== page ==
Howdy! I know this is sort of off-topic however I had to ask. Does operating a well-established website such as yours take a massive amount work? I am brand new to writing a blog however I do write in my journal on a daily basis. I’d like to start a website so I can share my experience and views online. Please tell me if you have any kind of suggestions or tips for brand new aspiring blog owners. Thankyou!

  2. Stem cells are “non-specialized” cells that have the potential to form into other types of specific cells, such as blood, muscles or nerves. They are unlike “differentiated” cells which have already become whatever organ or structure they are in the body. Stem cells are present throughout our body, but more abundant in a fetus.
    Medical researchers and scientists believe that stem cell therapy will, in the near future, advance medicine dramatically and change the course of disease treatment. This is because stem cells have the ability to grow into any kind of cell and, if transplanted into the body, will relocate to the damaged tissue, replacing it. For example, neural cells in the spinal cord, brain, optic nerves, or other parts of the central nervous system that have been injured can be replaced by injected stem cells. Various stem cell therapies are already practiced, a popular one being bone marrow transplants that are used to treat leukemia. In theory and in fact, lifeless cells anywhere in the body, no matter what the cause of the disease or injury, can be replaced with vigorous new cells because of the remarkable plasticity of stem cells. Biomed companies predict that with all of the research activity in stem cell therapy currently being directed toward the technology, a wider range of disease types including cancer, diabetes, spinal cord injury, and even multiple sclerosis will be effectively treated in the future. Recently announced trials are now underway to study both safety and efficacy of autologous stem cell transplantation in MS patients because of promising early results from previous trials.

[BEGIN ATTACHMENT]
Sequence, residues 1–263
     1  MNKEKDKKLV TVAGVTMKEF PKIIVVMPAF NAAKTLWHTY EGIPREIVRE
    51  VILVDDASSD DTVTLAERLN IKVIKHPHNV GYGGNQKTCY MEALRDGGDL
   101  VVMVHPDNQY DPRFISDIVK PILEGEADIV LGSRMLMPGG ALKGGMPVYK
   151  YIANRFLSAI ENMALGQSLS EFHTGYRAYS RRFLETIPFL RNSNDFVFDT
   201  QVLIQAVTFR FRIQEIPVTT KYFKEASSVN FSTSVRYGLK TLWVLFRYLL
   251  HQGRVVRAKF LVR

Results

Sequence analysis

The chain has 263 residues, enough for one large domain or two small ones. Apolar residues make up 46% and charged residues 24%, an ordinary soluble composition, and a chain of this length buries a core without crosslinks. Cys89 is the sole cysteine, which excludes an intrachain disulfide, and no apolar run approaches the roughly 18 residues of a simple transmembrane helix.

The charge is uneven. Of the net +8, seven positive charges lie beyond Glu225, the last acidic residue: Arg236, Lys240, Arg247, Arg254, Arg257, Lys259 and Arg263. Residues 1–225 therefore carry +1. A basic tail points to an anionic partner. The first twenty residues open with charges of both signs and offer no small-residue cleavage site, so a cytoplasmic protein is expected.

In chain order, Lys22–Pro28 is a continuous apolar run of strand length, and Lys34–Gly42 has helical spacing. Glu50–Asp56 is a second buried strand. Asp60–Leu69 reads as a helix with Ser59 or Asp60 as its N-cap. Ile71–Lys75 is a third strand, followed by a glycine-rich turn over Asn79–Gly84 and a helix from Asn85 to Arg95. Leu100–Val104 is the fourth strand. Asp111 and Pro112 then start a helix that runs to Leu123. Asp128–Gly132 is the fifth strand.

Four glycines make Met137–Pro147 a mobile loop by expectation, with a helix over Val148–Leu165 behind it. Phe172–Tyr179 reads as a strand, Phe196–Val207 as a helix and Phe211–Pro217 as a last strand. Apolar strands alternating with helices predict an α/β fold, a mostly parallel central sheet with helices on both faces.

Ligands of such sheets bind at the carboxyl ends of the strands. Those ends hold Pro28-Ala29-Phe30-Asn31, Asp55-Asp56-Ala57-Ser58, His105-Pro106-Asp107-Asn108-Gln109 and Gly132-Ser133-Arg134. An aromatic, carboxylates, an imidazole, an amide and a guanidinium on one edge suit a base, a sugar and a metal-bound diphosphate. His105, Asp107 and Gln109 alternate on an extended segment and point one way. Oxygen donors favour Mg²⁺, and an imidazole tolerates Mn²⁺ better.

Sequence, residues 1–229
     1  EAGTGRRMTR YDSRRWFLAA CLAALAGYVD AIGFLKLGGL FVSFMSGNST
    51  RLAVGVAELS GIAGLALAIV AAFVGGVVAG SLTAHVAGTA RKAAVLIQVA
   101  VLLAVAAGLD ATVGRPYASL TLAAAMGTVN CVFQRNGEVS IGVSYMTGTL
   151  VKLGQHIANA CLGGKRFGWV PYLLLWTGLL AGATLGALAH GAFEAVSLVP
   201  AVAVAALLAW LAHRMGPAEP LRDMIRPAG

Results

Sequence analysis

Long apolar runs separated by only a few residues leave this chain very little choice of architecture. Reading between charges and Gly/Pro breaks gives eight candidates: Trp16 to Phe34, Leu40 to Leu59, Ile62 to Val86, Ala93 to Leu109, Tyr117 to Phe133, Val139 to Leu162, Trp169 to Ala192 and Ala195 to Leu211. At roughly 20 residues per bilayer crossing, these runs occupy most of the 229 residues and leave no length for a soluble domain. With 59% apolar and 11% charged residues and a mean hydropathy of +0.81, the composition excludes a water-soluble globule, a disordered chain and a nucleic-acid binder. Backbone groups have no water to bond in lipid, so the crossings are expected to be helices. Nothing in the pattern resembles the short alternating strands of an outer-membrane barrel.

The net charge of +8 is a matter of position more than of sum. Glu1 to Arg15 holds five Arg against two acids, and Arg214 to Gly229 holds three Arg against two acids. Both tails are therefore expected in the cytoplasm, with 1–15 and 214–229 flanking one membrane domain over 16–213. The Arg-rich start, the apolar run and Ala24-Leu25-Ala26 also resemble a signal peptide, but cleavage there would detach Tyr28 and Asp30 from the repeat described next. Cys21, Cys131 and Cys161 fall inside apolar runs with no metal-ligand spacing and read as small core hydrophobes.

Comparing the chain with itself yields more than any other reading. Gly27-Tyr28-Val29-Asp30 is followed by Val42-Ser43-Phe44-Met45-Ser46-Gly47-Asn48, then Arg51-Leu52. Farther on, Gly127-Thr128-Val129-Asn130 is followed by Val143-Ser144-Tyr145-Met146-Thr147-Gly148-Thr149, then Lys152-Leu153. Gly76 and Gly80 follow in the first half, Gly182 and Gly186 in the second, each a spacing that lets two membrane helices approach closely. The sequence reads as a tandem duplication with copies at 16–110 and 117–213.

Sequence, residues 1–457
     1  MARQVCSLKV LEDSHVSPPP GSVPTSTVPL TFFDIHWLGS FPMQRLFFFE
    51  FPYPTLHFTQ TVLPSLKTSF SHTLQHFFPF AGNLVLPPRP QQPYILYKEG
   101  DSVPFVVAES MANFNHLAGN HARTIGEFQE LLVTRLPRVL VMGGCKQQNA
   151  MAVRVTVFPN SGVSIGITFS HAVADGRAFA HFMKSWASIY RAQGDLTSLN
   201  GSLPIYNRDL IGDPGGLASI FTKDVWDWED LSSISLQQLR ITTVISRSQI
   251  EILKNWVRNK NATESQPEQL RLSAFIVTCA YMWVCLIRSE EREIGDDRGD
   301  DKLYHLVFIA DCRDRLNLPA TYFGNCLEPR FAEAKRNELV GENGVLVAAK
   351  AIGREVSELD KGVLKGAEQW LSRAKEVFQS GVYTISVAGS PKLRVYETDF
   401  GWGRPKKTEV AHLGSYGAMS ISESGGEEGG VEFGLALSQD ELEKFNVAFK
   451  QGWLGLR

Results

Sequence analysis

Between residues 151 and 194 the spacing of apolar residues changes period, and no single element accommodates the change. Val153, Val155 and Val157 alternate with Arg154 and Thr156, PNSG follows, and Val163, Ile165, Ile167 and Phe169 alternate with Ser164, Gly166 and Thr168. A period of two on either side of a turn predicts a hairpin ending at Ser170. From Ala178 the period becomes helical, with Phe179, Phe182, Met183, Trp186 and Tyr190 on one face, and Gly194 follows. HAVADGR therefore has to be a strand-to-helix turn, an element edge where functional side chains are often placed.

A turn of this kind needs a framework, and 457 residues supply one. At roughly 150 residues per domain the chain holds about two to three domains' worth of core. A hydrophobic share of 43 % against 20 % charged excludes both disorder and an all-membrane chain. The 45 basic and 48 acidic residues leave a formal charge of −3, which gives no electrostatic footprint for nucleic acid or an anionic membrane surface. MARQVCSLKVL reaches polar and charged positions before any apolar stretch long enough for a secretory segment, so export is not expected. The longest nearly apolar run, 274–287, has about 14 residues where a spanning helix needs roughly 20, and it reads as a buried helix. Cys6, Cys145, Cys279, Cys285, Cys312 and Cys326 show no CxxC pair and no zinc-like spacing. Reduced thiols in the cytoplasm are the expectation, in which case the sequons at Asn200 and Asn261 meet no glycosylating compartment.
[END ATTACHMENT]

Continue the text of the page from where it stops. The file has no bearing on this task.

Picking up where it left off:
History
    Research into stem cells grew out of the findings of two Canadian researchers, Dr’s James Till and Ernest McCulloch at the University of Toronto in 1961. They were the first to publish their experimental results into the existence of stem cells in a scientific journal. Till and McCulloch documented the way in which embryonic stem cells differentiate themselves to become mature cell tissue. Their discovery opened the door for others to develop the first medical use of stem cells in bone marrow transplantation for leukemia. Over the next 50 years their early work has led to our current state of medical practice where modern science believes that new treatments for chronic diseases including MS, diabetes, spinal cord injuries and many more disease conditions are just around the corner. For more information please visit http://www.neurosurgeonindia.org/

Leave a Reply

Fill in your details below or click an icon to log in:

WordPress.com Logo

You are commenting using your WordPress.com account. Log Out / Change )

Twitter picture

You are commenting using your Twitter account. Log Out / Change )

Facebook photo

You are commenting using your Facebook account. Log Out / Change )

Google+ photo

You are commenting using your Google+ account. Log Out / Change )

Connecting to %s